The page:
she read and turned the page, swinging herself, zigzagging this way and that, from one line to another as from one branch to another, from one red and white flower to another, until a little sound roused her--her husband slapping his thighs. Their eyes met for a second; but they did not want to speak to each other. They had nothing to say, but something seemed, nevertheless, to go from him to her. It was the life, it was the power of it, it was the tremendous humour, she knew, that made him slap his thighs. Don't interrupt me, he seemed to be saying, don't say anything; just sit there. And he went on reading. His lips twitched. It filled him. It fortified him. He clean forgot all the little rubs and digs of the evening, and how it bored him unutterably to sit still while people ate and drank interminably, and his being so irritable with his wife and so touchy and minding when they passed his books over as if they didn't exist at all. But now, he felt, it didn't matter a damn who reached Z (if thought ran like an alphabet from A to Z). Somebody would reach it--if not he, then another. This man's strength and sanity, his feeling for straight forward simple things, these fishermen, the poor old crazed creature in Mucklebackit's cottage made him feel so vigorous, so relieved of something that he felt roused and triumphant and could not choke back his tears. Raising the book a little to hide his face, he let them fall and shook his head from side to side and forgot himself completely (but not one or two reflections about morality and French novels and English novels and Scott's hands being tied but his view perhaps being as true as the other view), forgot his own bothers and failures completely in poor Steenie's drowning and Mucklebackit's sorrow (that

was Scott at his best) and the astonishing delight and feeling of vigour that it gave him.

Well, let them improve upon that, he thought as he finished the chapter. He felt that he had been arguing with somebody, and had got the better of him. They could not improve upon that, whatever they might say; and his own position became more secure. The lovers were fiddlesticks, he thought, collecting it all in his mind again. That's fiddlesticks, that's first-rate, he thought, putting one thing beside another. But he must read it again. He could not remember the whole shape of the thing. He had to keep his judgement in suspense. So he returned to the other thought--if young men did not care for this, naturally they did not care for him either. One ought not to complain, thought Mr Ramsay, trying to stifle his desire to complain to his wife that young men did not admire him. But he was determined; he would not bother her again. Here he looked at her reading. She looked very peaceful, reading. He liked to think that every one had taken themselves off and that he and she were alone. The whole of life did not consist in going to bed with a woman, he thought, returning to Scott and Balzac, to the English novel and the French novel.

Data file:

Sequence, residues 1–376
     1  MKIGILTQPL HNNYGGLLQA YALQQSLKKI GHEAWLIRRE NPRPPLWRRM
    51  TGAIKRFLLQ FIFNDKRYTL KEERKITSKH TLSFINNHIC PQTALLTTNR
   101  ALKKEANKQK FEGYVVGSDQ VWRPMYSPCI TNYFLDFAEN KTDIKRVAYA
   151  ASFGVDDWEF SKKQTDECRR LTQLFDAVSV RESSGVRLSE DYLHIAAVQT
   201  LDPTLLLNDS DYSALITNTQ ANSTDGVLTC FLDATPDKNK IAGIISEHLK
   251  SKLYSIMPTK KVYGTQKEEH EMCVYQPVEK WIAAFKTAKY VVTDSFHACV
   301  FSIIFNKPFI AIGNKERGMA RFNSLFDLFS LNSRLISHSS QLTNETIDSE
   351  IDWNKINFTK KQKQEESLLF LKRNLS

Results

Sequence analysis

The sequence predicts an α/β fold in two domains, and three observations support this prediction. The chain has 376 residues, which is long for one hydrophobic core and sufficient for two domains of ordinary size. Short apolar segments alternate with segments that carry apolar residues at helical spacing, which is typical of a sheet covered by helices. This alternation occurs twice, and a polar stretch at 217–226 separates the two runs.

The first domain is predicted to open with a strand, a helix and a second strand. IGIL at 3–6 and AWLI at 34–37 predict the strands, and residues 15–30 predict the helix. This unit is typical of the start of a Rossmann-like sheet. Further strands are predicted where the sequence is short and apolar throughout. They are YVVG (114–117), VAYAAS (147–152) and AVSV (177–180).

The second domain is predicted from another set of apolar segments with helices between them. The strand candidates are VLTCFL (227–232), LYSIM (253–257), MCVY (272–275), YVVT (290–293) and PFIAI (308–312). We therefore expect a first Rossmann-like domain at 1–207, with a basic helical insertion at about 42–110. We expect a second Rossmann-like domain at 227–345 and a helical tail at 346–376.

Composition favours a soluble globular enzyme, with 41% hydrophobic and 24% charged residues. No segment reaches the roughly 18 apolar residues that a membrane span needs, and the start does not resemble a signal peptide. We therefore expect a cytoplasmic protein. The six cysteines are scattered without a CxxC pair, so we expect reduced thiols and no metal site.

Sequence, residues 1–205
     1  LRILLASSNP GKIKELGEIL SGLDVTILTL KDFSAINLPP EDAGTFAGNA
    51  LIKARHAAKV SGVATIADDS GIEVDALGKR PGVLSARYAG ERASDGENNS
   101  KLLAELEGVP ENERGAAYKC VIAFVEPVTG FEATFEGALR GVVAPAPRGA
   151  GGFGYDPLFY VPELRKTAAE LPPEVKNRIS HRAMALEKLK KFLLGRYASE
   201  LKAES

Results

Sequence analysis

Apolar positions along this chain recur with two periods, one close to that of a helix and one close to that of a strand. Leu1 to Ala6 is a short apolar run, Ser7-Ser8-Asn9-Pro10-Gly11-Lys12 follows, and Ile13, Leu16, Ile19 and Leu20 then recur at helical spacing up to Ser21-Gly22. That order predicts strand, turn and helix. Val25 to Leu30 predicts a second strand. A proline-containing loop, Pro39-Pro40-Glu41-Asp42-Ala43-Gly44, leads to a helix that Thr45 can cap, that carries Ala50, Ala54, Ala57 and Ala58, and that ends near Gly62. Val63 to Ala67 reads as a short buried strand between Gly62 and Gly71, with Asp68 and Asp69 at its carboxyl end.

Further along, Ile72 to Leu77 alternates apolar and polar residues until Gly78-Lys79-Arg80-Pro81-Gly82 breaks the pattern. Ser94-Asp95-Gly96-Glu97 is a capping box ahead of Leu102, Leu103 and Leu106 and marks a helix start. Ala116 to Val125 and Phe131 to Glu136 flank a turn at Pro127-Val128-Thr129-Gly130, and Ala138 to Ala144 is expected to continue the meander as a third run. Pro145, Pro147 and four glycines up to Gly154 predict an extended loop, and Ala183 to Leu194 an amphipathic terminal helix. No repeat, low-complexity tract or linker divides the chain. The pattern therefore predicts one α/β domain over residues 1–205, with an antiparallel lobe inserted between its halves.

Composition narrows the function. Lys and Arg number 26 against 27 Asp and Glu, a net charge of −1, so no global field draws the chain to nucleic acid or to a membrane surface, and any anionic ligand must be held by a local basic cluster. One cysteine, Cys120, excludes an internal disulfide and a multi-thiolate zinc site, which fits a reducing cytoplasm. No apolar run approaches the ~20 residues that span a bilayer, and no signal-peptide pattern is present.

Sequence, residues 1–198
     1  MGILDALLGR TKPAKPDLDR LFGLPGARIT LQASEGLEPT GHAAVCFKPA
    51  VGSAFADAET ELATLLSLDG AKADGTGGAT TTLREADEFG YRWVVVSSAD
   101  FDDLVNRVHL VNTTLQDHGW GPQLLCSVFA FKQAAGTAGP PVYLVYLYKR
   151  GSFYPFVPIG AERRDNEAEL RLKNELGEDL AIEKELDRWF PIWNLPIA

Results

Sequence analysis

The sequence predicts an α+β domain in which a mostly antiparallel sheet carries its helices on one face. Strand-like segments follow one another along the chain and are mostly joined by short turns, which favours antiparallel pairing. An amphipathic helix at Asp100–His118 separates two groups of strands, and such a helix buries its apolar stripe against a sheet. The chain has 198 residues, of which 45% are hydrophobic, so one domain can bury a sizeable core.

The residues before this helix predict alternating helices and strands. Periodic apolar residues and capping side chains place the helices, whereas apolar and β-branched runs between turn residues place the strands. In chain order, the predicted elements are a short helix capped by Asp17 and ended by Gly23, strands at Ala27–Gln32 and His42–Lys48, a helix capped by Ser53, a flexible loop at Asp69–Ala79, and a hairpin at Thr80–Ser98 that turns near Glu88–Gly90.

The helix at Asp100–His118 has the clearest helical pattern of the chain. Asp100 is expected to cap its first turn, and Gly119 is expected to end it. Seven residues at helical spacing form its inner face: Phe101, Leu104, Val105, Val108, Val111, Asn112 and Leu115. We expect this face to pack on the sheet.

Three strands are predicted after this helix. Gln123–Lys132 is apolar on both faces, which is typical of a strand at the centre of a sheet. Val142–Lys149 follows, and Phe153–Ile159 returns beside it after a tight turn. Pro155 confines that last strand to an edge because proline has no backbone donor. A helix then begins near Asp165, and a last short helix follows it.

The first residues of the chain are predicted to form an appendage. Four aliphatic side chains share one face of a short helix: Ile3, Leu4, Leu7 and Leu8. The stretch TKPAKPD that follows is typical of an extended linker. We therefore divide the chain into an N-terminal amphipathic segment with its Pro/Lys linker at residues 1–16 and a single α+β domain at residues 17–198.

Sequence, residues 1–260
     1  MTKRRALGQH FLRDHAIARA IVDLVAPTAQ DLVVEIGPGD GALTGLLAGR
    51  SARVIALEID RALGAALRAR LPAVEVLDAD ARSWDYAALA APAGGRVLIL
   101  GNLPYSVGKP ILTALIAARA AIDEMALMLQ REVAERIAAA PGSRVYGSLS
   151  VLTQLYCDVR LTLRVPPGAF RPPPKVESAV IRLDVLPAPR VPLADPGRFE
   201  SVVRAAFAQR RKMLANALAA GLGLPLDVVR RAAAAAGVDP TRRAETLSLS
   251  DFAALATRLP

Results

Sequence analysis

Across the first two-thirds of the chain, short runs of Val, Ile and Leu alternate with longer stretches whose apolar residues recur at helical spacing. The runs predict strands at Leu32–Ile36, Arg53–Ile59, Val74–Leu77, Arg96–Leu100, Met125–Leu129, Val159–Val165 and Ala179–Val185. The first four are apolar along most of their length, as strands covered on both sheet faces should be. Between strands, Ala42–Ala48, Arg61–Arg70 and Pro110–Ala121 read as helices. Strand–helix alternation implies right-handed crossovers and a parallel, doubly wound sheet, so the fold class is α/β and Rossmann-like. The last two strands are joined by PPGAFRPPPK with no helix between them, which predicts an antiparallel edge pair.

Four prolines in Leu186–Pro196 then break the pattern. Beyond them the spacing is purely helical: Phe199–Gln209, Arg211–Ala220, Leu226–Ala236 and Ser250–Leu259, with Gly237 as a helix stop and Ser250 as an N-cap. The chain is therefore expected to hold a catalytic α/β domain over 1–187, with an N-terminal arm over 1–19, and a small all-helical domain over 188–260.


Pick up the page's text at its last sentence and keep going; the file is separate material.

Mrs Ramsay raised her head and like a person in a light sleep seemed to say that if he wanted her to wake she would, she really would, but otherwise, might she go on sleeping, just a little longer, just a little longer? She was climbing up those branches, this way and that, laying hands on one flower and then another.

Nor praise the deep vermilion in the rose,

she read, and so reading she was ascending, she felt, on to the top, on to the summit. How satisfying! How restful! All the odds and ends of the day stuck to this magnet; her mind felt swept, felt clean. And then there it was, suddenly entire; she held it in her hands, beautiful and reasonable, clear and complete, here--the sonnet.

But she was becoming conscious of her husband looking at her. He was smiling at her, quizzically, as if he were ridiculing her gently for being asleep in broad daylight, but at the same time he was thinking, Go on reading. You don't look sad now, he thought. And he wondered what she was reading, and exaggerated her ignorance, her simplicity, for he liked to think that she was not clever, not book-learned at all. He wondered if she understood what she was reading. Probably not, he thought. She was astonishingly beautiful. Her beauty seemed to him, if that were possible, to increase

Yet seem'd it winter still, and, you away, As with your shadow I with these did play,

she finished.

"Well?" she said, echoing his smile dreamily, looking up from her book.

As with your shadow I with these did play,

she murmured, putting the book on the table.